Or some such. I'm sure RateAdvocate is right on it.
For a brief period in 1989, I was slated for attendance at the 13th World Festival of Youth and Students in Pyongyang. Eventually my credentials were revoked by the American governing body of Young Communists (sic), which I concede was fitting and proper considering I'd never been a member of their organization.
Of course, this is irrefutable evidence that I'm not a Commie, but this is another story for another time. Perhaps my next brewery project should be called Fellow Traveler, with a graphic depicting Robert E. Lee's horse.
Ironically, later in 1989 in Copenhagen I was able to taste a North Korean bottled beer brought out of the country by a Danish friend's relative, who if memory serves worked for Aeroflot.
The beer tasted like the drippings of a rusty drainpipe atop a chicken coop, filtered with moldy cleaning rags. Other than that, it was fine. Now there is Taedonggang beer, and by all appearances it's a considerable improvement.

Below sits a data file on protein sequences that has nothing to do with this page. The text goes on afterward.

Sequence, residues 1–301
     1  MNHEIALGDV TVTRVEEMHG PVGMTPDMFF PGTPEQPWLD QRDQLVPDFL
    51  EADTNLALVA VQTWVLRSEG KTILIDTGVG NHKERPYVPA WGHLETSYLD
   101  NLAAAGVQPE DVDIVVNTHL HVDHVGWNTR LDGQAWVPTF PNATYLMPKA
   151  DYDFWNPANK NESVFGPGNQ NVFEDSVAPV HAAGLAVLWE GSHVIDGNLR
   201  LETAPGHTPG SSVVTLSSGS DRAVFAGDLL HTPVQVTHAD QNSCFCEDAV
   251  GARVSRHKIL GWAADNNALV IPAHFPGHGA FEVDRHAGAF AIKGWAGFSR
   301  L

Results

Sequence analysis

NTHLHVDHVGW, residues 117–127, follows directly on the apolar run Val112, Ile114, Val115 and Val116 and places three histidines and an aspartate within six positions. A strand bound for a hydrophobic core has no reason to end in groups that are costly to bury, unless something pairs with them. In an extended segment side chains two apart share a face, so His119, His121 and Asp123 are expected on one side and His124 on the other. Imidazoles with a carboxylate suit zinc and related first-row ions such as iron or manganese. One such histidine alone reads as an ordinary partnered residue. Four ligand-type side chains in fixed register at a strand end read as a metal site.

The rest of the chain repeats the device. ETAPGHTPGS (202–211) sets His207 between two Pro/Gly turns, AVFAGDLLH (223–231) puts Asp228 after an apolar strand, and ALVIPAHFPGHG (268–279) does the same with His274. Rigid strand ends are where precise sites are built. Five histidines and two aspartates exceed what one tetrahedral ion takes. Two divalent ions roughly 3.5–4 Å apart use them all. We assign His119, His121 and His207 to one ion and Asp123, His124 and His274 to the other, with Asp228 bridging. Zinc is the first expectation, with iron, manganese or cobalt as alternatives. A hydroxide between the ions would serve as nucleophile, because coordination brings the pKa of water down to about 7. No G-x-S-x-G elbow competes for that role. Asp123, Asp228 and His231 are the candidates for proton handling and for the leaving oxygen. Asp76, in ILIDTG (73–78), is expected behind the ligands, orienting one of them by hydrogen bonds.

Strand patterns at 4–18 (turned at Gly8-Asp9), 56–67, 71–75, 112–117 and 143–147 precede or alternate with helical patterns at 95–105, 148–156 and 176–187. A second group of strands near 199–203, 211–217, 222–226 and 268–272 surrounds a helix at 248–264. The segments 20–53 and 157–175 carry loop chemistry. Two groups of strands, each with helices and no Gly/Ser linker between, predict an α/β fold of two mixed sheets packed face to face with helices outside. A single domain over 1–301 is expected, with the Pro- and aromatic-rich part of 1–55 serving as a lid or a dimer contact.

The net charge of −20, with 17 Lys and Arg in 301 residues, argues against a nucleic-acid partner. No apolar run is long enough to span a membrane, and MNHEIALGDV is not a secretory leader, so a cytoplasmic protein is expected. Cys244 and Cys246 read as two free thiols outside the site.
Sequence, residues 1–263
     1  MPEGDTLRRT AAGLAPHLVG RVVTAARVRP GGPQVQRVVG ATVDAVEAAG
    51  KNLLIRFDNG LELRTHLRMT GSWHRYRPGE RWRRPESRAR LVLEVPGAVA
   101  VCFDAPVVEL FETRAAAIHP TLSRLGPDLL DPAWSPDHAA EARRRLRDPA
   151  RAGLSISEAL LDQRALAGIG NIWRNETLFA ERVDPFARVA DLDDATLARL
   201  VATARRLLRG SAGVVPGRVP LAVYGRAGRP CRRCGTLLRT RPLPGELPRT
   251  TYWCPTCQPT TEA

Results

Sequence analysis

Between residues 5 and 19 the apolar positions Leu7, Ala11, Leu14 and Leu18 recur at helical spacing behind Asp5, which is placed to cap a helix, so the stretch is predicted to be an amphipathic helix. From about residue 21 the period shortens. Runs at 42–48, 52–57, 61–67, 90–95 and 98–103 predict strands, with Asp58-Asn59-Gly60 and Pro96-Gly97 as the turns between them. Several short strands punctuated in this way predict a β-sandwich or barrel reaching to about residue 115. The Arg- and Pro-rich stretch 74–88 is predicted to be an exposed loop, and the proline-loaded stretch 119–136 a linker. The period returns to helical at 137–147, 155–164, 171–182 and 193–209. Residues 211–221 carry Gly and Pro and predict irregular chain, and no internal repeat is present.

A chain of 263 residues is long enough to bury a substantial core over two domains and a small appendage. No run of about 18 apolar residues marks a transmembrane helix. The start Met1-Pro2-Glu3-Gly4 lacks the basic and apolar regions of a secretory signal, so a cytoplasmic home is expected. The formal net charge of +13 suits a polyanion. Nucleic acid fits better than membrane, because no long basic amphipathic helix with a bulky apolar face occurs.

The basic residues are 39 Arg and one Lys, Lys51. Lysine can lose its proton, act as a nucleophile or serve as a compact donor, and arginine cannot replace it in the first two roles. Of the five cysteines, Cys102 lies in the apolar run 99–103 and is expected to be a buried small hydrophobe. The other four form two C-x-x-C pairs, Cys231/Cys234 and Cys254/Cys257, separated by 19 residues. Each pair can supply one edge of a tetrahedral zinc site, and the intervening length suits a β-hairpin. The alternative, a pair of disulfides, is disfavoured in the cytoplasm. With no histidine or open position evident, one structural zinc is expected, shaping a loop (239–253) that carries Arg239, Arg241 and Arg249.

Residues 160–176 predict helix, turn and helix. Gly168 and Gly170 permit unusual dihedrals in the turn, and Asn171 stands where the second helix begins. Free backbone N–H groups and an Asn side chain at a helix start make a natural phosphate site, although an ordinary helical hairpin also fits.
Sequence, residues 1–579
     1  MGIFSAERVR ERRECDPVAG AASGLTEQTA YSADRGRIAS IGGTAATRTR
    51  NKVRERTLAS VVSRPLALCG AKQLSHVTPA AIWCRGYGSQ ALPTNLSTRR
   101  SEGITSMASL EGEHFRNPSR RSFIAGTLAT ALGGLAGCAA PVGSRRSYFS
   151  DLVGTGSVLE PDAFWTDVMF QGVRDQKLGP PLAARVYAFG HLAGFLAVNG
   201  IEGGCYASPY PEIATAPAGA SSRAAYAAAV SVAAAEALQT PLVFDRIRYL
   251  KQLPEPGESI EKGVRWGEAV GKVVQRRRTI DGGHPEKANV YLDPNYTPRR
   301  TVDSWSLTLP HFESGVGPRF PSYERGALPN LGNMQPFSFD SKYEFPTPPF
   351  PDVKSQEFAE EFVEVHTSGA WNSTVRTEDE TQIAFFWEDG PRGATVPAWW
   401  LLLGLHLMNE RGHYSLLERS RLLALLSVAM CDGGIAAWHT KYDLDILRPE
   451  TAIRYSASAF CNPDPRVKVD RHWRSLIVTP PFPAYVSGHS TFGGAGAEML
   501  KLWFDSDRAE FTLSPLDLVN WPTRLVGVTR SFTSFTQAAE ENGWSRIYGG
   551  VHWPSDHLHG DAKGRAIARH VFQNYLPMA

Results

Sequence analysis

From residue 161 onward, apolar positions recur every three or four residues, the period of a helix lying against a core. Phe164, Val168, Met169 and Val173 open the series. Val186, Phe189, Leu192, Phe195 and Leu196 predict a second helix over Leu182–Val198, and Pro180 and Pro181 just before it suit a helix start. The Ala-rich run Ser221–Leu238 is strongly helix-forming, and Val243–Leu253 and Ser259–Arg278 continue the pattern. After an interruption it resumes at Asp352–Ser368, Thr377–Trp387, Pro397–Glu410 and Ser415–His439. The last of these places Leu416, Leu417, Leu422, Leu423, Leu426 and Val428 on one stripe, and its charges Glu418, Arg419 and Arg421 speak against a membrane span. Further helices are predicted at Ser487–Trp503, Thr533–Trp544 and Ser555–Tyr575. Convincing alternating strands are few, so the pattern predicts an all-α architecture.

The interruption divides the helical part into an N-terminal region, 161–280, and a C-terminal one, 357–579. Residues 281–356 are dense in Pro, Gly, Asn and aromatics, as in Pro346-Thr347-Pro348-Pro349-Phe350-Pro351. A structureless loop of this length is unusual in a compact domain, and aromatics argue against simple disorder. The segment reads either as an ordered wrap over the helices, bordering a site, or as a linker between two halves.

In 2008, the New York Times explained the brewery's origins. It originally was used to make the Ushers brand of ale in England. Now the brewery produces lager beer in North Korea, and perhaps there is some confusion among coverage providers, as when the Guardian writer uses the word "ale" to describe "lager" flavor characteristics:
"With an alcohol content of 5% and a taste resembling British ale."
No matter. If anyone snags some, can you bring me a bottle? Thanks in advance.
|Photo credit: The Guardian.|